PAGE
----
Online life has proven to be a rough beast, but I am too old to wait for it to finish slouching, screeching and chattering, towards that virtual Bethlehem, where its reboot may or may not come round at last.

  8. “I can’t stand it any more. Something’s wrong. The relationships online are all wrong.”

    I cut way back recently. I am not ready to throw the computers away, because I still need them for work and for recording music. But I realized how unhealthy all that online communication was. Now I am listening to God. As soon as I post this comment.

  9. The problem I have is the same that any addict would experience: when I’m on vacation, I get twitchy if I can only check e-mail once a day.

    Of course, I have an excuse — I’m one of those techies you mention, and in a small company there are times when I may be the only one who can deal with something. But at least I know it’s an excuse, not a reason. ;-)

  10. For me it’s funny…I like the tech more and more as I get older. Through being online, I visit as much of the world (in many senses) as I can every day! Who gets that tired of the world? Yes, yes, yes, I know all about the difference between this and ‘real life’; frankly, I’ve been more disappointed in ‘the real world’ than the online one, even with all its flaws.

    Solon’s “I grow older and always continue to learn” maxim comes to mind — and heart — most online.

  11. I trust that at some point more people will find balance. I wouldn’t dream of going on vacation without my iPhone or computer. But when I’m on vacation, I don’t sit there obsessing over it.

    When I went scuba diving with my brothers and father a couple of years ago, I brought my computer (I need it because of my photography hobby). I enjoyed that I could upload a few photos each evening so that friends and family back home could see what we were experiencing. But that’s all I did with the computer. Maybe one FB comment in the morning and one in the evening, not (as too often at home) locked to the screen for hours at a time, constantly updating or reading updates or the latest news.

    Ever notice that some people have the mental ability to ignore a ringing phone, and others simply feel compelled to answer it? Just because I carry the technology with me does not mean that I have to use it all the time. But I think that some people treat e-mail the same way their parents treated the phone, as something that they were required to interact with, if they had the physical ability to do so.

  12. House, time and energy bound as I am, email is a lifeline to me, though I recognize the weird, jumpy rhythms and addictive qualities of the screen. But I agree with Ron, too—
    I learn, and even sometimes am blessed to teach, via this medium, from the kitchen table. It’s true, the old letter-writing version would be wonderful, a different pace, feeling and thoughtfulness altogether. But to communicate instantly is pretty damn useful. Blogs and snark… I read, or not. And don’t blog or tweet. Or “friend”. Loathe nouns turned into verbs.
    Party on.

  13. PatHMV – you are so right about answering the phone. I think part of it is that now we can know who is calling, they can leave their message, and we haven’t really missed out on the contact if we don’t answer. Way back in the olden days, that wasn’t possible.

    The call might be important! And it likely was more important than most calls made today.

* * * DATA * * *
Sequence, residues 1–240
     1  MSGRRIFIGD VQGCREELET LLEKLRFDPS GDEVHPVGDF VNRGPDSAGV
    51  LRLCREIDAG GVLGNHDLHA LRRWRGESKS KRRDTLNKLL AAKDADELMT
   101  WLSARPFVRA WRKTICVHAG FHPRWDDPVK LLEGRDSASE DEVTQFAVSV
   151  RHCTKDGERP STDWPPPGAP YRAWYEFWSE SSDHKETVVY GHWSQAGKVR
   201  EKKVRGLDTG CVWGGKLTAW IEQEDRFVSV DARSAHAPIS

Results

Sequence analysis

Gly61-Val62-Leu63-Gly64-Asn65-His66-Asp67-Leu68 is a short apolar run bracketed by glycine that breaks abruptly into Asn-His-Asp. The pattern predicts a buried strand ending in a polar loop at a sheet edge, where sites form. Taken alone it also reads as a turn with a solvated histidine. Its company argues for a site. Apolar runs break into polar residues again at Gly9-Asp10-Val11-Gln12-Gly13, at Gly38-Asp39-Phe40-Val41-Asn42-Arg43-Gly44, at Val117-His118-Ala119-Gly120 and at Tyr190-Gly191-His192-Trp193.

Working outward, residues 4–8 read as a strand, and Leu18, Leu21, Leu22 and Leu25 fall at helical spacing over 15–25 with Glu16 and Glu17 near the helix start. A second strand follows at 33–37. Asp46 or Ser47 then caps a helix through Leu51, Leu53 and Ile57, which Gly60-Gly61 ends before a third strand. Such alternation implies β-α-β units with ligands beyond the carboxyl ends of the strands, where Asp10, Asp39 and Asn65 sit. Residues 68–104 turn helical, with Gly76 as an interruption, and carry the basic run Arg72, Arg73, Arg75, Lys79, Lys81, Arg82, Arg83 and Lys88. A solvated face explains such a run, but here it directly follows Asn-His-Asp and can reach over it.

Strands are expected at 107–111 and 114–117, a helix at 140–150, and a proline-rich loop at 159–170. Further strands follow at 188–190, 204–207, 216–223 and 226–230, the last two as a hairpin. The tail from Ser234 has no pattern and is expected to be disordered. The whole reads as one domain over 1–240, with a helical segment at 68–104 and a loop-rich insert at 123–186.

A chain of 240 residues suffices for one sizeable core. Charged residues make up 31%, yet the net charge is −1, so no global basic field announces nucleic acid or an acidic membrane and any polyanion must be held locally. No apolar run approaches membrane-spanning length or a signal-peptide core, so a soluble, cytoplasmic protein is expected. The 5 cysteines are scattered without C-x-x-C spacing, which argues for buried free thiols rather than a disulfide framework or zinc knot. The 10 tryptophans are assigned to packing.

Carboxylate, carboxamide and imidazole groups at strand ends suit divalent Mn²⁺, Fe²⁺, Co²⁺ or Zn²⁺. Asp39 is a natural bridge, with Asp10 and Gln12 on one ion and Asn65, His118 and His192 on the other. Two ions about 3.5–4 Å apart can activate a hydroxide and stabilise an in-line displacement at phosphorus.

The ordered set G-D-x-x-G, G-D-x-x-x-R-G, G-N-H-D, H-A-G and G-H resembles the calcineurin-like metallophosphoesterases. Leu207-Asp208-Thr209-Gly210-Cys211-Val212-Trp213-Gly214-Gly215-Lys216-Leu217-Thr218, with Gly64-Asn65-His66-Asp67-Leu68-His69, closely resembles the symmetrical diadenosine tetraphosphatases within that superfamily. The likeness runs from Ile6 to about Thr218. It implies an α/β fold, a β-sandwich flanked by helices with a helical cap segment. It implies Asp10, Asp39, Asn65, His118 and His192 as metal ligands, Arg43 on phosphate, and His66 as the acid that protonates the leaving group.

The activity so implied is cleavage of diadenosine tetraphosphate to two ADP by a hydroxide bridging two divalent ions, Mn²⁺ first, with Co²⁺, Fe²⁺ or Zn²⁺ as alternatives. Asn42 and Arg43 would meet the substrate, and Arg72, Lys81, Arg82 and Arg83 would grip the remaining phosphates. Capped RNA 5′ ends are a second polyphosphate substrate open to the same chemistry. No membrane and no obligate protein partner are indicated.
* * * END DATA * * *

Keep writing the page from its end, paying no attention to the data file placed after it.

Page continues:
The thing I hate most about having a cell phone is that it theoretically makes me always available. Being online can do that too. If I ever make myself “visible” on some services, there are several people who immediately IM me. I abhor IMs even with people I like who have something interesting to say.

  14. I dislike the telephone generally because I feel guilty if I don’t answer it, but then resentful if someone calls me at an inopportune time. How stupid is that?

  15. “I recently pulled an old, thick book off the shelf, and, reading it for the first time in 30 years, was blown away by the sheer novelty of something meant to be experienced over the time it takes to read hundreds of pages.”

    My sister is so excited about her new ibook, or kindle or whatever– and i just looked at it like- ~blech~ how can you possibly read comfortably in bed w/that? Leaving it hanging around in the last place you look, etc. would be heartstopping.

    I’m so reverse when it comes to my life and everyone else here, i guess. We’ve never taken a vacation(we never went away for a honeymoon)- we hardly ever leave the farm together to do something away- and if we do, it’s between our choretime(about 9am-4pm). We don’t seem able to trust anyone else to the milking, which is a very personal and touchy aspect of the farm– literally. So much can happen during time away, so much can happen just when you go in for lunch.

    That makes this screen and these relationships extra special to me. I know that when i was away from you all- it was difficult in the sense that i wondered every day how everyone was doing and couldn’t just boot it up and see for myself. I know we’ve discussed how we envision e/other and i remember saying i didn’t have any expectations– i just don’t seem to have the imagination to envision how anyone sounds or what they look like- it’s more of a cadance thang in how you write that gives me a sense of character. By Divine luck i met Randy and Evelyn- and i like the voices& memories i have of them; i’ll just have to wait and see who’ll else dares to make it so far North:0).

    Anyway- i have no cell phone, no ipod, no hdtv. Earbuds seem dangerous and intrusive. I now have a fairly fast computer w/wireless due to some little black-n-blinkin’ do-hickey thingy here and i’m thankful.

    No facebook- can you imagine?? That would be overkill for me. My sister connected w/all of her HS friends, Ice and had a stompin’ reunion for the class of ’73- good on her.

  16. Karen, iPods and MP3 players are awesome.

    Here’s an example. I used to listen to music at work. But I always ended up listening to the same seven or eight albums. I had limited space to keep stuff at work since I couldn’t load stuff up on my computer, and I didn’t want albums at work that I wasn’t sure I would listen to. So it always ended up being the same stuff over and over.

    But once I got my iPod I loaded up everything I had. Hit the shuffle feature and the device will pick stuff randomly. I ended up listening to stuff I hadn’t heard in years and years, stuff I had forgotten about until I loaded it up. It was wonderful.

    As for Kindles – while I do prefer books I can’t deny that Kindles have their uses. My wife got one for Christmas a year ago. It will hold a tremendous amount of stuff, so it’s great for travel, It’s also great for bedtime reading, as it’s a helluva lot easier than handling some 800 page tome while lying down.